Why does the rustle of sheets wake us up on some nights, yet we sleep through the sound of our alarm clocks going off on others? Sleep scientists Scott McKinney of Massachusetts General Hospital in Boston and colleagues used a sophisticated computer program to find out.
The study by McKinney and Ellenbogen implicates tat a type of brain activity known as alpha waves may provide vital clues. With better monitoring of these waves, researchers might be able to develop therapies that could help all of us get a better night's sleep
Our brain activity changes throughout the day. When we're awake, our neurons chatter in short, frequent bursts. Measured on an electroencephalogram (EEG), these "alpha waves" look a lot like earthquake squiggles on a seismograph. When we sleep, our neuron chatter slows down, resulting in less squiggly theta and delta waves. Scientists have shown that alpha waves help us respond to the sights and sounds of our environment. Yet they seem to disappear during sleep, even though we are still able to respond to environmental cues, such as smoke or a passing police siren.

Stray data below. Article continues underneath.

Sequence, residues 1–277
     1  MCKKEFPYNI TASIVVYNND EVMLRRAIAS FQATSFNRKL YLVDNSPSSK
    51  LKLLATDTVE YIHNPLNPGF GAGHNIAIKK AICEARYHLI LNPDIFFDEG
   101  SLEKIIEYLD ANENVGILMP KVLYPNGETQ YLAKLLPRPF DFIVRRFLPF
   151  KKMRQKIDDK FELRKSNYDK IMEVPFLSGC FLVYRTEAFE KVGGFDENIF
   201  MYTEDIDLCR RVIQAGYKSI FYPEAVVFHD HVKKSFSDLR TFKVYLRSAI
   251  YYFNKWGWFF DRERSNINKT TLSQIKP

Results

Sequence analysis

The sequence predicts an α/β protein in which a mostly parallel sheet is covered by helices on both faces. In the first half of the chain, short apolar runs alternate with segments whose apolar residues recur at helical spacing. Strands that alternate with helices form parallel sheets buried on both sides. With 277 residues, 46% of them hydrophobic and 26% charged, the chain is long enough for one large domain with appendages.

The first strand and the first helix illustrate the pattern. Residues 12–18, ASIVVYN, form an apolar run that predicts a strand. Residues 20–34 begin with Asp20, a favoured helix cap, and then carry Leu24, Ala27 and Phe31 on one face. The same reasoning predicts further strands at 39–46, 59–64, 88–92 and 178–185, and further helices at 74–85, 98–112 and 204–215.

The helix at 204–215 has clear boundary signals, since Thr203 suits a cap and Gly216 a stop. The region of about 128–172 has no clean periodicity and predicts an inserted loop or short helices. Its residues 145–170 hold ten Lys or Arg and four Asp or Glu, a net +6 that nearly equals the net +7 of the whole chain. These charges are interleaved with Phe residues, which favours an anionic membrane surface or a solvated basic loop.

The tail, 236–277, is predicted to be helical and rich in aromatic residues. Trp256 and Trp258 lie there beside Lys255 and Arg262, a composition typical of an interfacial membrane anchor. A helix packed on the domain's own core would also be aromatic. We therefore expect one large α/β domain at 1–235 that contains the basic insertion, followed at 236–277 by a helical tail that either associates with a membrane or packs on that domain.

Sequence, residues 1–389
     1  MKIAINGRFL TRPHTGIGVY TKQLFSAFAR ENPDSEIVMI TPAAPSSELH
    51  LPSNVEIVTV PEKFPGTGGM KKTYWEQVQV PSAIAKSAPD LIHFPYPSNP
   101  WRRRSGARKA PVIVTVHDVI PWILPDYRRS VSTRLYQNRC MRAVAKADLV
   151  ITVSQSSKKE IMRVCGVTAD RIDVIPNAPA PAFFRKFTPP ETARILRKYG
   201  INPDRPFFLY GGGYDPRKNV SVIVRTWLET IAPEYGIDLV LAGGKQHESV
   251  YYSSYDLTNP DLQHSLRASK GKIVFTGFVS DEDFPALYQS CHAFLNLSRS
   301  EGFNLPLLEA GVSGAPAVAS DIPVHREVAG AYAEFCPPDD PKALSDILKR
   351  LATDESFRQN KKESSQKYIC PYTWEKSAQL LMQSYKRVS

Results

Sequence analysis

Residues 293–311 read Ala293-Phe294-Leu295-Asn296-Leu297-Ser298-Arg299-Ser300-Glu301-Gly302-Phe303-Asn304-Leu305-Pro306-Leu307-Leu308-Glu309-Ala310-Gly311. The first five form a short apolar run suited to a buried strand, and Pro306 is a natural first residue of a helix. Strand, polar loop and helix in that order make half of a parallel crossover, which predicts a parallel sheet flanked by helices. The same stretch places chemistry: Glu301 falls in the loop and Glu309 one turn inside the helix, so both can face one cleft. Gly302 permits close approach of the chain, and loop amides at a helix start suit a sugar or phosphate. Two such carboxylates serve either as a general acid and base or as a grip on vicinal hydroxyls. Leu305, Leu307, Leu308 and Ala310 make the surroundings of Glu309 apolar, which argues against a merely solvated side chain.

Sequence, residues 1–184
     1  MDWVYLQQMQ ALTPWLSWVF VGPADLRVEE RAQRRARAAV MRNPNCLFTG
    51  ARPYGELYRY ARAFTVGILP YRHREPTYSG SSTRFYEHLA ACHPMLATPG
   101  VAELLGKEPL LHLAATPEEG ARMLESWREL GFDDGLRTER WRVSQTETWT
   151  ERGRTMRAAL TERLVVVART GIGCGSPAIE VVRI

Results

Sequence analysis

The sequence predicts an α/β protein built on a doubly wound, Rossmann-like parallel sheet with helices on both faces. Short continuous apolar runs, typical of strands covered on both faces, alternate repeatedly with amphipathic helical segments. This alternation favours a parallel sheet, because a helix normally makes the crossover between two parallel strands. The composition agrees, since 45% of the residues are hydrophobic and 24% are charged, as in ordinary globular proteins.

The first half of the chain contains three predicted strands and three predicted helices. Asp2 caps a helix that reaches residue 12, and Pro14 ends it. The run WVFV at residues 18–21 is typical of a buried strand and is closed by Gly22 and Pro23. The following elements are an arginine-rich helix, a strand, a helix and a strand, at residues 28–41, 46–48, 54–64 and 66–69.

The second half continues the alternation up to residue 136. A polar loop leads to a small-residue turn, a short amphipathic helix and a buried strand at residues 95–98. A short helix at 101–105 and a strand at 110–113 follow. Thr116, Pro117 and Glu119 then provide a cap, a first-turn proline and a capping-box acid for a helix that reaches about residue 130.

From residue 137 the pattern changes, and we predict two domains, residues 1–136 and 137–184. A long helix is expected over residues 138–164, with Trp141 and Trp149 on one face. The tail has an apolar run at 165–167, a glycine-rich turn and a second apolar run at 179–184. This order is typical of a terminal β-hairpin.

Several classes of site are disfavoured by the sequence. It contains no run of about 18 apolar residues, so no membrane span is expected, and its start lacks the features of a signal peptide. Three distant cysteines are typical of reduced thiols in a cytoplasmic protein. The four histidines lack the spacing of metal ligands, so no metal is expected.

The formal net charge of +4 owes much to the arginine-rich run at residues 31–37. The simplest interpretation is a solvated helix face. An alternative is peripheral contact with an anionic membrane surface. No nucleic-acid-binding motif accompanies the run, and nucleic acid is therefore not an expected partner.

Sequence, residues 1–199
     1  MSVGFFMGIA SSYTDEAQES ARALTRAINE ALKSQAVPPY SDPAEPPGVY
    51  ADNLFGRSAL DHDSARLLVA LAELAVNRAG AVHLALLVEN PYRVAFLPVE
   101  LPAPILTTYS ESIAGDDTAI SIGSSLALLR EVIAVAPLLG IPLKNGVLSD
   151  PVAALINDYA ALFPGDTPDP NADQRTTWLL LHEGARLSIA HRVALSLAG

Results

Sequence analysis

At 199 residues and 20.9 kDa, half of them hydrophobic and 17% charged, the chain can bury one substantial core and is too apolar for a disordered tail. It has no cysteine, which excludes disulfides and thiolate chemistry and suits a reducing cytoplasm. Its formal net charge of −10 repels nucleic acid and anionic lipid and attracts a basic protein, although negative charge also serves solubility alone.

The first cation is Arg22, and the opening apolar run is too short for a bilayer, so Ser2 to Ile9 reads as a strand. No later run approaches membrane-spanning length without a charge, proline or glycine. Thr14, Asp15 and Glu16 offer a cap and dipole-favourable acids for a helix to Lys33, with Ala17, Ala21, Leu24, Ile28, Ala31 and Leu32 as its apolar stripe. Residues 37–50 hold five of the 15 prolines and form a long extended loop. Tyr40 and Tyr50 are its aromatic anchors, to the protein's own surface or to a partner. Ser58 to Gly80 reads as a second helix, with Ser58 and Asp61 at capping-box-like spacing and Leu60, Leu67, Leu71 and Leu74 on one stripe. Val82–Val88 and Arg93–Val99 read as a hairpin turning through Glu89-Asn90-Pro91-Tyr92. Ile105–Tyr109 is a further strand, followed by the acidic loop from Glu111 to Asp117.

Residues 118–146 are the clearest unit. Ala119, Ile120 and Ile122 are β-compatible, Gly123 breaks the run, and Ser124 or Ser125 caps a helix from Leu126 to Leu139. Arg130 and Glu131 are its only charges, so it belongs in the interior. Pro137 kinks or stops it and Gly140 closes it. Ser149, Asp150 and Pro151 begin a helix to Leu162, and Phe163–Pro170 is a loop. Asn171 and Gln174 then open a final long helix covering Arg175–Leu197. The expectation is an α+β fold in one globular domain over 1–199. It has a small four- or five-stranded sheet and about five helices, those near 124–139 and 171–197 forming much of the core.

To find out what role these nighttime alpha waves play, McKinney and colleagues recruited 13 healthy subjects to spend several nights in the hospital's sleep lab. When the subjects' EEGs showed that they were sleeping deeply, the researchers played a variety of noises, from a jet engine to an ice machine. The noises started softly, at approximately 40 decibels—about as loud as a quiet home. The researchers gradually increased the noise until the person's EEG spiked, a sign that sleep had been disrupted.
The article concludes that the signal which transcends the boundaries of classical sleep stages, could potentially be used for real-time feedback to novel, adaptive drug delivery systems for inducing sleep.
See full article "Covert Waking Brain Activity Reveals Instantaneous Sleep Depth" in PLoS One.